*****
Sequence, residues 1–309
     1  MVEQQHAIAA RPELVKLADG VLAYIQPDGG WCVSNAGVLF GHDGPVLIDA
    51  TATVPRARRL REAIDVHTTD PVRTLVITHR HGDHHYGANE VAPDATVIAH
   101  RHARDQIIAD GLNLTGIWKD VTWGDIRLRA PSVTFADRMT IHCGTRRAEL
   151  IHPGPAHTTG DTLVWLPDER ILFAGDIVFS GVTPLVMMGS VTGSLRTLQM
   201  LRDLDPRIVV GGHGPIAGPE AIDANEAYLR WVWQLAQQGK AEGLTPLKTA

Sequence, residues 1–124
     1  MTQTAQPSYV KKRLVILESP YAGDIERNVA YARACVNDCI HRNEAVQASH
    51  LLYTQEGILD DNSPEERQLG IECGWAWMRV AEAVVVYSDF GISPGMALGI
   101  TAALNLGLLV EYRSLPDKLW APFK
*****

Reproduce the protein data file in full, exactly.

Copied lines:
Sequence, residues 1–309
     1  MVEQQHAIAA RPELVKLADG VLAYIQPDGG WCVSNAGVLF GHDGPVLIDA
    51  TATVPRARRL REAIDVHTTD PVRTLVITHR HGDHHYGANE VAPDATVIAH
   101  RHARDQIIAD GLNLTGIWKD VTWGDIRLRA PSVTFADRMT IHCGTRRAEL
   151  IHPGPAHTTG DTLVWLPDER ILFAGDIVFS GVTPLVMMGS VTGSLRTLQM
   201  LRDLDPRIVV GGHGPIAGPE AIDANEAYLR WVWQLAQQGK AEGLTPLKTA

Sequence, residues 1–124
     1  MTQTAQPSYV KKRLVILESP YAGDIERNVA YARACVNDCI HRNEAVQASH
    51  LLYTQEGILD DNSPEERQLG IECGWAWMRV AEAVVVYSDF GISPGMALGI
   101  TAALNLGLLV EYRSLPDKLW APFK